Anti-student inclusion group Moms for Liberty and its co-founder, Tiffany Justice, recently attempted to connect antisemitism in schools to diversity, equity and inclusion (DEI) initiatives. Moms for Liberty is no stranger to antisemitism, having advocated for banning Anne Frank’s The Diary of a Young Girl, appearing with the Proud Boys at events, and quoting Hitler in a chapter newsletter last year. In a May 4 post on X, formerly Twitter, Justice reposted a Moms for Liberty post asking who is “behind the mass indoctrination” and chaos in higher education that the anti-Israel protests have supposedly caused. She answers this by quoting New York Post columnist Charles Gasparino, saying: “Yes, there is big money funding this type of instruction–one that deemphasizes Western civ and extols anti-American and Jew-hated instruction by leftist and even Marxist professors–and it isn’t just Soros-related, as the Post has documented. It comes from some frightening and surprising places both foreign and domestic.” Justice, like Posobiec and Kirk, is recycling the antisemitic Soros trope while attempting to position herself as against antisemitism.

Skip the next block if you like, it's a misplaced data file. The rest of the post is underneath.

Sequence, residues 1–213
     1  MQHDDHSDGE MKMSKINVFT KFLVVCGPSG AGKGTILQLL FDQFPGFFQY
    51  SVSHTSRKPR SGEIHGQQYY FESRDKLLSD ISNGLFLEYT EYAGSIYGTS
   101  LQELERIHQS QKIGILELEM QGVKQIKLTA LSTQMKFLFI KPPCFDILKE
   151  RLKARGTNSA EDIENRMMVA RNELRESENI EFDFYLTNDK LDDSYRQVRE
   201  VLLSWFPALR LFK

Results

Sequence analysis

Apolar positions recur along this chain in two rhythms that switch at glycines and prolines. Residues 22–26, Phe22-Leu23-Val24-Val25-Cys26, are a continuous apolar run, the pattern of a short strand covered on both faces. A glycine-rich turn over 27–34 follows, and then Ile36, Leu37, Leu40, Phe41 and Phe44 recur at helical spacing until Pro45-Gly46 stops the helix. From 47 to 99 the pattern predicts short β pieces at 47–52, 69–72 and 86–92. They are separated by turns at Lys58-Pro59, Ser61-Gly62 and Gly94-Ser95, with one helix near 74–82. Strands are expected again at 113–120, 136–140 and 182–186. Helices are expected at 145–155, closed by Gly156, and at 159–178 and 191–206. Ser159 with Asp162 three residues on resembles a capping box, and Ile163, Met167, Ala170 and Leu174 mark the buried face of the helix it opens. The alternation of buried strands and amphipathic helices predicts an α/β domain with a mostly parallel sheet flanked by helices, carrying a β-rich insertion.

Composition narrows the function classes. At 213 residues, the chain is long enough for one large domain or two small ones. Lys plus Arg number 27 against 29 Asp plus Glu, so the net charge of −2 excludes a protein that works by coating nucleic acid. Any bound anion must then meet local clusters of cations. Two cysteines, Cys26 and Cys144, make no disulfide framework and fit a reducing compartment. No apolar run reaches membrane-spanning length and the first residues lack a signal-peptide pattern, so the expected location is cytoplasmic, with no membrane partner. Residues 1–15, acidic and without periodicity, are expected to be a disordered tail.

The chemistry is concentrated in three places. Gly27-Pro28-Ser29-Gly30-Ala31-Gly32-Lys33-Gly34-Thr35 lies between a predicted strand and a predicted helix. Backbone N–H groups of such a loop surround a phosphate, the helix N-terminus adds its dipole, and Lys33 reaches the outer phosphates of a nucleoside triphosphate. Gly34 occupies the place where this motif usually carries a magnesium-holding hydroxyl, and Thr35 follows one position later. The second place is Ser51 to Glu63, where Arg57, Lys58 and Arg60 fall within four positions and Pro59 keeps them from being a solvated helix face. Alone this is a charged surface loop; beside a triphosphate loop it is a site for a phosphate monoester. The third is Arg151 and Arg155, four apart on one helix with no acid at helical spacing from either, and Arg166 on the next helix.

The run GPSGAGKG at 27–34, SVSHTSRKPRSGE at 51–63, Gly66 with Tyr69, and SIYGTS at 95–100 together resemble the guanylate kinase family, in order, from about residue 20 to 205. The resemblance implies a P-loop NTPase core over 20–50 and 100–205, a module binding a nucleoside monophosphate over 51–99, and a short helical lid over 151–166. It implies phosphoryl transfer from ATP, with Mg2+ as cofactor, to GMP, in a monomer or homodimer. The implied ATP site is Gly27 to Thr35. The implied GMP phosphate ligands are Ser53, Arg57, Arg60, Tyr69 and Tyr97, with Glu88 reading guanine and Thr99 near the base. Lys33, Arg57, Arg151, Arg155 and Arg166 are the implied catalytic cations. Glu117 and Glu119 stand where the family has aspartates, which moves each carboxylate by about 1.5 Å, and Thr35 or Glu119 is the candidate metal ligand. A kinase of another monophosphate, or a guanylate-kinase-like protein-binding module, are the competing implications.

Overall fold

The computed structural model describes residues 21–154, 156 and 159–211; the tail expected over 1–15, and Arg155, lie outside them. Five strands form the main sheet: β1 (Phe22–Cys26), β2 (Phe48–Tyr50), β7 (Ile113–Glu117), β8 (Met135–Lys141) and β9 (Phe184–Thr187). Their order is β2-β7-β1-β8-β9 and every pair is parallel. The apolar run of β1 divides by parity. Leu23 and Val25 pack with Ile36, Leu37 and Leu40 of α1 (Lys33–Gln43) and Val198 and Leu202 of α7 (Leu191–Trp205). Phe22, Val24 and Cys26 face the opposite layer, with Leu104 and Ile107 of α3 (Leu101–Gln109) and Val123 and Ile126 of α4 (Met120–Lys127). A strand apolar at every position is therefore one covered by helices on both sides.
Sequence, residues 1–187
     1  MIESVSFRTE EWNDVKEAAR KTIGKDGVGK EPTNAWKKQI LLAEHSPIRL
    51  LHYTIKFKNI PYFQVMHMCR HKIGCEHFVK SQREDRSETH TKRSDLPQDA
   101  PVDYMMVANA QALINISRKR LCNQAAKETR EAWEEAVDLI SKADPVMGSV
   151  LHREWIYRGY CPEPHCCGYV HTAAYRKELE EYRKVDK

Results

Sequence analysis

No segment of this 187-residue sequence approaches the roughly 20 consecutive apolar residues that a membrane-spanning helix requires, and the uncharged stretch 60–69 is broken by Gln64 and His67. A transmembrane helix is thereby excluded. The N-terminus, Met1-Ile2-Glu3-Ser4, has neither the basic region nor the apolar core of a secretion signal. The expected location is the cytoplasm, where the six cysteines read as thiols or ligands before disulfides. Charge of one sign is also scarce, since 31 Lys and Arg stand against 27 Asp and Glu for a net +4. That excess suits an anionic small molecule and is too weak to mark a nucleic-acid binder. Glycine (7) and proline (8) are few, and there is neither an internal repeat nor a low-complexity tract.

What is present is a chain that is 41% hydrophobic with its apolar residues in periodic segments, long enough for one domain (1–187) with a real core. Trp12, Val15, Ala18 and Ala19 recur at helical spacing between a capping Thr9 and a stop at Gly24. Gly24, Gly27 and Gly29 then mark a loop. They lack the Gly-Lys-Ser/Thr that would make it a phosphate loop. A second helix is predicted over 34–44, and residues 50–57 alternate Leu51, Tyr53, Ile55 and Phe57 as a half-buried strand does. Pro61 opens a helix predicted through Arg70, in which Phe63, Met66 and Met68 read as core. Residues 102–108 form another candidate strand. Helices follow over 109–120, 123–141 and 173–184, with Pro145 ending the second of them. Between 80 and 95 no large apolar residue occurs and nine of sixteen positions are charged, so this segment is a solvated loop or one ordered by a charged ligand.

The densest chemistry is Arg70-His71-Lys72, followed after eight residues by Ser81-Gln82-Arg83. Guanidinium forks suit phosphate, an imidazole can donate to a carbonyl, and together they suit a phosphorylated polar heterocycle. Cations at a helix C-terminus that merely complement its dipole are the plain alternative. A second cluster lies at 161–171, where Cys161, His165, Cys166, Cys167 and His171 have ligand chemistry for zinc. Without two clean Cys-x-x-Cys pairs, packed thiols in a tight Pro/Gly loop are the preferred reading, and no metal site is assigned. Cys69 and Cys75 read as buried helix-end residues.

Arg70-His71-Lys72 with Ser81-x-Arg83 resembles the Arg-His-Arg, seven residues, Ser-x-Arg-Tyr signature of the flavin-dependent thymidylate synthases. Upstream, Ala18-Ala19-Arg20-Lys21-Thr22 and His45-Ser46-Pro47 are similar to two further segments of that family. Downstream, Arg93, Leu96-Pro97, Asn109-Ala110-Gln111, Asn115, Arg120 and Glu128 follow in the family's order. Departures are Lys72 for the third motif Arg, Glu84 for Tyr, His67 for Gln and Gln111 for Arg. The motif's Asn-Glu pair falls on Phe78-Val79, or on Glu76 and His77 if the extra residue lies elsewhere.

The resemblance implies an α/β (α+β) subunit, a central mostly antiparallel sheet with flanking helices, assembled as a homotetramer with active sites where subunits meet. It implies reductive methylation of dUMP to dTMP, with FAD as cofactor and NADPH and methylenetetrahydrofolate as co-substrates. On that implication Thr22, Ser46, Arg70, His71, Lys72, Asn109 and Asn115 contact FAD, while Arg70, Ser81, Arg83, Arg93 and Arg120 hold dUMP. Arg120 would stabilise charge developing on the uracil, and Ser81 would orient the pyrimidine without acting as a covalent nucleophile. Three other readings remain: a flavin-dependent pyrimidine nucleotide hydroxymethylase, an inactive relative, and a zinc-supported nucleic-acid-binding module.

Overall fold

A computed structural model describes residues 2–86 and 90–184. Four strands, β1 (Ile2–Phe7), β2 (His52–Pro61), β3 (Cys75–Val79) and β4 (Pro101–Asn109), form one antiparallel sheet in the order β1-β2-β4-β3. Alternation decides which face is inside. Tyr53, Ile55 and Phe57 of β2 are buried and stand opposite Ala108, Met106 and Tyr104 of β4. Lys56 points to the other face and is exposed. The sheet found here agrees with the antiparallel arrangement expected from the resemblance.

While it’s unsurprising that known extremists are peddling antisemitic tropes, what is increasingly concerning is the readiness of right-wing politicians to normalize these tropes without any regard for perpetuating antisemitic rhetoric. On May 9 at a Senate press conference, Texas Sen. Ted Cruz attacked the president’s supposed hesitancy to provide weapons to Israel.